Fracturing fluid performance mainly includes friction characteristics, rheological characteristics, and filtration performance, while viscosity can be used as a comprehensive index [37]. The change of fracturing fluid viscosity can affect the performance of fracturing fluid such as friction, sand suspension, filtration, and flowback. Fracture morphology and pressure curves of samples 6# and 2# are shown in Figures 8 and 9. Fracturing fluid viscous (80 mPa·s) under the condition of sample 6# pressurization rate quickly, the formation of fracture width is bigger, the fracture pressure is 38.8 MPa, midway through a rush that accompany branch seam formation, longitudinal extension on full hydraulic fracture after fracturing, the bonding interface, hydraulic fracture directly through the vertical stratification, seam fractures formed near the bedding branch at the same time. It shows that the fracturing fluid is less filtrated into the bedding. Under the condition of low viscosity of fracturing fluid (10 mPa·s), sample 2# was not completely fractured, with continuous high pressure and narrow and tortuous fracture width. The fracture pressure of the sample was 13.7 MPa, which decreased by 65% compared with the hydraulic fracture of high viscosity fracturing. A longitudinal hydraulic fracture was formed, which was only 4.3 cm in height. The fracture fluid filtration is large, and the filtration fluid has a certain lubrication effect, which reduces the shear strength of weak interlayer surfaces, and leads to activation of weak interlayer surfaces connected with vertical main hydraulic fractures, forming complex hydraulic fracture networks.

For the deep shale reservoir with high ground stress difference and well-developed bedding, it is suggested that the fracturing fluid with high viscosity should be used first to form the main fractures to break through the bedding interference near the wellbore and then injected into low seam fracturing fluid viscosity activation and the main interaction of bedding, with increasing the complexity of fractures, as much as possible to help maximize shale reservoir modification effect.

4. Conclusions

In this paper, an indoor fracturing simulation experiment was carried out on full-diameter tight shale core samples of Mahu to study and the influence of different factors on fracture propagation in this area. After the study, the following conclusions are drawn: (a)Laminae, bedding, or millimeter-scale lithological interbeds (dolomite, quartz, and salt) can be opened, locally inhibiting the seam height extension and the overall penetration of layers. Whether the natural fracture is opened or not is affected by many factors such as cementation strength and permeability, and there is uncertainty(b)The high pumping rate (30 mL/min) is conducive to the fracture height passing through laminar and lithologic interlayer and opening natural fractures locally. Under the effect of the stress difference in the reservoir, when the pumping rate is high, the fractures can penetrate into the reservoir more quickly and expand rapidly in the reservoir. When the pumping rate is low, the fracture expands slowly and has little influence on fracture propagation morphology(c)Viscosity of fracturing fluid has a more significant effect on fracture expansion. The high viscosity (80 mPa·s) fracturing fluid is conducive to increasing fracture pressure and facilitating artificial fractures through laminae and bedding. Under the condition of 25 MPa horizontal stress difference, the fracture width formed by low viscosity fracturing fluid (10 mPa·s) is narrow and tortuous compared with high viscosity fracturing fluid. It is recommended to use high viscosity fracturing fluid as front fluid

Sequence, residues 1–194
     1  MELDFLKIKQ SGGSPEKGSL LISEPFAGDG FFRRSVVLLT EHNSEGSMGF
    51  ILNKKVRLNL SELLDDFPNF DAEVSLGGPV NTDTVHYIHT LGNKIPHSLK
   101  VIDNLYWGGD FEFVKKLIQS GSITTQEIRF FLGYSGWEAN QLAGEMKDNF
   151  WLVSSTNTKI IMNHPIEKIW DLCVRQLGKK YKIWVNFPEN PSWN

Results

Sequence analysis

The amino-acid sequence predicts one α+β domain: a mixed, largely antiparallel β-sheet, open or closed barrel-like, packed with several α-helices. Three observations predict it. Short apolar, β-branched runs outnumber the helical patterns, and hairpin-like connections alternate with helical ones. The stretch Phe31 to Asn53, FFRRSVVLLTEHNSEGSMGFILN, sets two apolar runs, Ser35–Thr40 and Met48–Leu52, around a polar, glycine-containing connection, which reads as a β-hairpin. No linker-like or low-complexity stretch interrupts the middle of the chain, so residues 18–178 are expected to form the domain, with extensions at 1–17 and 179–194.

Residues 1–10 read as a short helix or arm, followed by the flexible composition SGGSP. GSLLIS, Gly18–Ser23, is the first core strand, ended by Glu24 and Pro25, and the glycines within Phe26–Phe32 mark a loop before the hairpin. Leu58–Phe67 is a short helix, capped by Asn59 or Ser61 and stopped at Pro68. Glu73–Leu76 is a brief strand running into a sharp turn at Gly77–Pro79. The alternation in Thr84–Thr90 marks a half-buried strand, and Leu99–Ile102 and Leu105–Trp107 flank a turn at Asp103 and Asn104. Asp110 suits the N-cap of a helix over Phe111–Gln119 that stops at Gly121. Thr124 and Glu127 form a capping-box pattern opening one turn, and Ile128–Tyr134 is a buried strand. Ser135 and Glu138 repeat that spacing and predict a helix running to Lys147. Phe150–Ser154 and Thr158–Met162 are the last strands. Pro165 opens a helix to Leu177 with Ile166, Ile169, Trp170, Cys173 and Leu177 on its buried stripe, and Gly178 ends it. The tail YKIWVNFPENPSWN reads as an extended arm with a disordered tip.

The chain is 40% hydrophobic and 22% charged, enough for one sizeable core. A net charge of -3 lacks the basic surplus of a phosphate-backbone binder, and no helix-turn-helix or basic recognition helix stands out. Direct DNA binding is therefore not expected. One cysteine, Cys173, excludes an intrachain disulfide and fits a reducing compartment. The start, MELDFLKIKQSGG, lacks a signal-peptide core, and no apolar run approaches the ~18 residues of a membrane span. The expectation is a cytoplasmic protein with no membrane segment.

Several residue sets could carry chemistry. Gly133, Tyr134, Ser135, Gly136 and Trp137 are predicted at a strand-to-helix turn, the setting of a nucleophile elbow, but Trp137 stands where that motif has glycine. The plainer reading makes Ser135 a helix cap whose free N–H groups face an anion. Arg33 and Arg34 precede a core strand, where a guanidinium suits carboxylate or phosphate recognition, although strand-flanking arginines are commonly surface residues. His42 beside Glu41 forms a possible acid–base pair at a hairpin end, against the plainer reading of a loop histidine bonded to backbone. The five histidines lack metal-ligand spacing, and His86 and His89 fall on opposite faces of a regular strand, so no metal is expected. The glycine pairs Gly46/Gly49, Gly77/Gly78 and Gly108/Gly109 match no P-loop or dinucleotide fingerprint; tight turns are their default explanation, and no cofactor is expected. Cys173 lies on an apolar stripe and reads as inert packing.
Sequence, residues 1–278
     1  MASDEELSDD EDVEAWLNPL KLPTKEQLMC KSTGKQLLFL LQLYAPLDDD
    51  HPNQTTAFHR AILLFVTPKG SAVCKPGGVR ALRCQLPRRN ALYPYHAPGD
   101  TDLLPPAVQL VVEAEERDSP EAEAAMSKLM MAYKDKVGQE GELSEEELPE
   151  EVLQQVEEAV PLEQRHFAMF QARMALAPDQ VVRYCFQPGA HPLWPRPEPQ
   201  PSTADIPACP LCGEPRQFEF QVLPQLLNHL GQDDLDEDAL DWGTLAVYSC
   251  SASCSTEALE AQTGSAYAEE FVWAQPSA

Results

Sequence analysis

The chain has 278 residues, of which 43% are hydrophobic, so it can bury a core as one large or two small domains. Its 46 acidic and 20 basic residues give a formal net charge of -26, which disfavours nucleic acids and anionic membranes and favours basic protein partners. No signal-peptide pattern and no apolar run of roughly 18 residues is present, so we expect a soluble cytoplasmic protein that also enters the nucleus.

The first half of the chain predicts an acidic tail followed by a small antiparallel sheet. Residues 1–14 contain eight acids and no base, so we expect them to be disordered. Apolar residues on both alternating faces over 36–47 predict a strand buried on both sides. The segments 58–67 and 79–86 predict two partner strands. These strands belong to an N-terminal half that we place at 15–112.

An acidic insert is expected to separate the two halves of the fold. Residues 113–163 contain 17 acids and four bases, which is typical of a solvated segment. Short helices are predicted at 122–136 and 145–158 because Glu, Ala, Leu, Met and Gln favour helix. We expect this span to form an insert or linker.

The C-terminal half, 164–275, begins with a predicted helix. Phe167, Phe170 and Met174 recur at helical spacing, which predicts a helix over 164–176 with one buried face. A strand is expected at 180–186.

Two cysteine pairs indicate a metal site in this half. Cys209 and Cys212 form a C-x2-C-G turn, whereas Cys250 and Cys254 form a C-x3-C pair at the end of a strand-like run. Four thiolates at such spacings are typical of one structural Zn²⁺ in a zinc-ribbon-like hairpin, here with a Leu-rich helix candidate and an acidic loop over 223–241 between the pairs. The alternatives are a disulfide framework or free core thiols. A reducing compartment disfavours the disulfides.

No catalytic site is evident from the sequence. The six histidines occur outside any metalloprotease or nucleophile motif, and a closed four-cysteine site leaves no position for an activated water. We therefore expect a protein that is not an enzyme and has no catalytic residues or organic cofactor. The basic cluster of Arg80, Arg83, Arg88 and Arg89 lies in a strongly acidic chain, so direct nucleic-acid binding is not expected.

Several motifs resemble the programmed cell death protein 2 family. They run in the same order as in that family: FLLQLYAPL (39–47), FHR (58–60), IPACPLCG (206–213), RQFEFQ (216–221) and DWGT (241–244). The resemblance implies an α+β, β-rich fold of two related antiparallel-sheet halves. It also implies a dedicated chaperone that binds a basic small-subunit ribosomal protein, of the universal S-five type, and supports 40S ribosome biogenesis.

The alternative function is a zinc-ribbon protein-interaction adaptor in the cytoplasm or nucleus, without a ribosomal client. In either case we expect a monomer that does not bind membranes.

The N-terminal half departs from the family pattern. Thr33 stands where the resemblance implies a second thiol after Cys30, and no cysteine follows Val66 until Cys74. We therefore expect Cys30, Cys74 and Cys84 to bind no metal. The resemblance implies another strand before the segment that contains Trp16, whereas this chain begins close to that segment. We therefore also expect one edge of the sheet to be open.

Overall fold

Data Availability

The data used to support the findings of this study are available from the corresponding author upon request.

Conflicts of Interest

The authors declare that there is no conflict of interest regarding the publication of this paper.

Authors’ Contributions

Conceptualization and methodology were performed by Shanzhi Shi and Yushi Zou; formal analysis was performed by Shipeng Zhang and Lihua Hao; investigation was carried out by Lihua Hao and Beibei Chen; resources were provided by Shicheng Zhang and Xinfang Ma; writing the original draft preparation was performed by Shipeng Zhang; writing, reviewing, and editing were the responsibility of Yushi Zou; visualization was carried out by Yushi Zou and Shipeng Zhang; supervision was performed by Shicheng Zhang and Xinfang Ma; project administration was contributed by Shanzhi Shi, Lihua Hao, and Beibei Chen. All authors have read and agreed to the published version of the manuscript.


This study was supported by the National Natural Science Foundation of China (51974332).